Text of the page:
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Sexual abuse - may trigger - read with care

(20 Posts)
Chickenrunchicken Tue 05-Apr-16 12:50:44

I'm a regular on mumsnet, albeit also a regular name changer (and will nc again after this!), and I wanted to hear views on this situation. I read a similar one in AIBU which really struck me and as I posted on. This will massively out me in RL and I know my sister will very possibly read this too.

I was sexually abused as a child by my GF. He is quite possibly the worst person you will ever meet. My GM passed away a few months ago and was verbally and physically abused by him to the end. I told my parents about the abuse a few years ago. They did nothing at all, and the thing I had hammered to me over and over was if I or anyone else confronted him, his temper is so violent he may kill my GM. He has mental health issues which have worsened significantly in his latter years and has alluded to having done many awful things.

18 months ago I confronted him by letter (as I have been NC for years) not only for the CSA but for his continued abuse of my GM who was very frail and completely blind by that point. I did not sign it and it was typed, and delivered at night as I was terrified, but I did it, or rather DH did whilst I stayed in the car in the next street! I said I'd call the police if he hurt my GM again in response to the letter. The shit hit the fan straight away, he rung my parents ranting that he was going to go to prison, and he said he knew it was one of their kids who had sent the letter. My Dad seemed to think he had used some sleuth work to reach this conclusion, which told me my Dad had never really believed me or accepted it, as an abuser knows who they have abused you would think. GF denies the CSA, emphatically, which is no surprise.

Anyway, things died down and then my nan passed away a few months ago. My parents continued to visit a lot before she died. I never got to say goodbye whilst she was dying of cancer because he wouldn't let her leave the home to go to a hospice which would have meant going to his house. He actually said he couldn't let her go to a hospice because of what she might say (about him). I guess fear of her dying words or whatever. I visited her in the morgue to say my own goodbyes. It was a bloody horrible, upsetting time.

My parents, despite saying when my nan went they may confront or would have nothing to do with him, continue to speak to him every day on the phone and meet his 'basic needs' of food, delivering stuff etc.

My sister (hello if you are reading) and her DH have done something amazing this week and confronted him and told him they will not see him again. They live away and with my GM gone don't wish to see him, but my GM was kind and loved and understandably people wanted to see her whilst she was alive although it meant tolerating him. Few of my siblings / cousins visit him now anyway because CSA aside he is just a horrible person and everyone despises him. Although he CSA'd me, he was also verbally and physically abusive to many of us.

This is long and thank you for reading this far.

My issue right now stands with my parents. My mother is useless; its her F and she hates him, her childhood was awful etc, but she is weak. She is very, very manipulative. She cries every and any time the subject comes up and makes it about herself, her childhood, her experiences, and repeats the same stories over and over....which are usually insignificant and nothing to do with anything.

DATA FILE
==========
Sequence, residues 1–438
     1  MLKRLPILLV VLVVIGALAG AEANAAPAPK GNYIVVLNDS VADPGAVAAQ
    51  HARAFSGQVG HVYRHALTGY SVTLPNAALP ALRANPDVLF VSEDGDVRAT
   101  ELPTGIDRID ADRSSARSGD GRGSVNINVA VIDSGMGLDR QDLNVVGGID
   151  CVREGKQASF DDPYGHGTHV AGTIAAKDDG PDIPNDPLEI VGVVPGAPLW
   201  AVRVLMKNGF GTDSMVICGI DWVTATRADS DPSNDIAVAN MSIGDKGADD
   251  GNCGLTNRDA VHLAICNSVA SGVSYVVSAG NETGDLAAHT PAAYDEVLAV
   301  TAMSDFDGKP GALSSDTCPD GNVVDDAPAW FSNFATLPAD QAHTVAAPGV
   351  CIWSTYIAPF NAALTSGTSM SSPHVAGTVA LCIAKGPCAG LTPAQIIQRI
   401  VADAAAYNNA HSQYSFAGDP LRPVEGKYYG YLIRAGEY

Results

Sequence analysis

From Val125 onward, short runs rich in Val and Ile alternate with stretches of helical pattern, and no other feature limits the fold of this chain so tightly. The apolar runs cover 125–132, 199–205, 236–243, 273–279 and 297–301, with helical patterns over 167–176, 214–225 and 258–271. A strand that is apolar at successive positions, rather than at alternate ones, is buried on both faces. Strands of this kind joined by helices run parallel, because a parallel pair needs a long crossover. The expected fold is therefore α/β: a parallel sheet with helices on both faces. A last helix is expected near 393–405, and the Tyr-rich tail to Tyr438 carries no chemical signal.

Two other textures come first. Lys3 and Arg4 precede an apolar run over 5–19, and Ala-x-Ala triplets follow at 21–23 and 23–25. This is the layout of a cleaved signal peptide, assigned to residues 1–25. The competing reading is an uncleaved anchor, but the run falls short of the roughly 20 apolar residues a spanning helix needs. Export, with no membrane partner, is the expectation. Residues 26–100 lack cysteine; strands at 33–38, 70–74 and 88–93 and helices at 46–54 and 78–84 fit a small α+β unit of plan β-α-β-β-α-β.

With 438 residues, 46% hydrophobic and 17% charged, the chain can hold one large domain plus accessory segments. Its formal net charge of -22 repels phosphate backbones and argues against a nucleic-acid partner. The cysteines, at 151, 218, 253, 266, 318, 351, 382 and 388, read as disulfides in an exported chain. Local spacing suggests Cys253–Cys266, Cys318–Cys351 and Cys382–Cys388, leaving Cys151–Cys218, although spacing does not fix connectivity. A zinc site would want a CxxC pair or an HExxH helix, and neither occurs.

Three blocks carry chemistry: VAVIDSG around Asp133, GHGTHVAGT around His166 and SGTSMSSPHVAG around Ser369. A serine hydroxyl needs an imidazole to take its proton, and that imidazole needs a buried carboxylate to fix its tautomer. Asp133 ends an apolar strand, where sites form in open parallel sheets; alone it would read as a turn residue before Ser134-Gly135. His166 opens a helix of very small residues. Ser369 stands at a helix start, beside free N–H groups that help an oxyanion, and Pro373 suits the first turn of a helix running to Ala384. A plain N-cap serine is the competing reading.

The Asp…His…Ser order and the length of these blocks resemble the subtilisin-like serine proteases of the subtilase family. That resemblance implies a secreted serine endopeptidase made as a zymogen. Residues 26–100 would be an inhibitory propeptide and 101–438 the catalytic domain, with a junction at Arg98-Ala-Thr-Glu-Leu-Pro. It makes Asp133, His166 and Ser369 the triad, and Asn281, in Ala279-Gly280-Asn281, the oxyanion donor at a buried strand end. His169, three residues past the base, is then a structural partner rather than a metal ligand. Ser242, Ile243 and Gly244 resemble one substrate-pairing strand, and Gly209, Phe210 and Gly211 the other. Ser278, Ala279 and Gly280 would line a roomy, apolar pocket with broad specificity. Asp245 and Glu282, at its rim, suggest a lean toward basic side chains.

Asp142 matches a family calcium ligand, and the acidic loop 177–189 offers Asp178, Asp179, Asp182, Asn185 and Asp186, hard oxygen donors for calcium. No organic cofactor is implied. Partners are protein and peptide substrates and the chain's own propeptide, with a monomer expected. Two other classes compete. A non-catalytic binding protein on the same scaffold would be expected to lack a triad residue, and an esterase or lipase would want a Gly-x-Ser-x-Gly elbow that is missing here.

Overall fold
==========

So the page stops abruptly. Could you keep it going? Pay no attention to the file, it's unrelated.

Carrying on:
I can't bear to be around her as she has never stood up for me and she just cries about it and says she's sorry and blames my GM who always insisted we visit as kids. Its bullshit, they made a choice, but her version blames my GM. Because she cries I end up saying it's ok, don't worry etc. I have to be strong around her ALL the time becsuse she is so pathetic. I end up comforting HER and never once has it been different, which as a mother I now find very dysfunctional.

My Dad has done sweet FA, spent a long time in denial, and now just waffles on to other family members about 'showing mercy' to my GF in his old age.

In terms of police involvement there has been none for the simple fact that I was 6 or 7 and my memories are patchy, I repressed it for years anyway, and what I do have is just so bloody holey I'd crumble under the probing. I also have small kids and can't face it. It would never get to trial unless another victim came forward too with clearer recollection. I know what happened, or part of it, but its through little flashbacks, dreams and body memories. A family member also witnessed part of it and knew something was very wrong. This person approached me a few years ago disturbed by their own recollection.

Anyway I'm sorry this is so long, I just wanted to hear some responses from people outside of my own family as its all so bloody murky. I am contemplating going NC with my own parents as things stand. I mean they should be NC with him I think, but they're very religious and use that to defend themselves.

Chickenrunchicken Tue 05-Apr-16 12:53:28

* apologies for typos.

differentnameforthis Tue 05-Apr-16 13:01:27

It's not murky, it's horrendous! So sorry for you, op.

It doesn't sound like your parents are likely to go NC with him. For whatever reason, he has some hold over your parents, your mum anyway. She seems scared to go NC.

I don't buy the "childhood was awful" line, my mother had a horrible childhood, she passed that onto me, however, I vowed not to do it to my children, and I haven't! It's an excuse.

You have to protect you. If you need to go NC, do it. Get counselling, confide in a close friend or two, but do not keep this bottled up.

Look after yourself flowers

Chickenrunchicken Tue 05-Apr-16 13:53:30

Thanks different. I have had counselling, I'm just in a rough patch and starting to wonder what normal even feels like in terms of family.

MissPunnyMany Tue 05-Apr-16 14:09:27

OP here - have reverted to old name in case posters think I am a troll as I actually want geniune views but this is such a sensitive topic that I appreciate some people may think its false.

ImperialBlether Tue 05-Apr-16 14:16:50

Would you consider reporting this to the police, particularly now that your grandmother has died? You say someone came to you, having recognised something was very wrong - it sounds as though they would stand as a witness.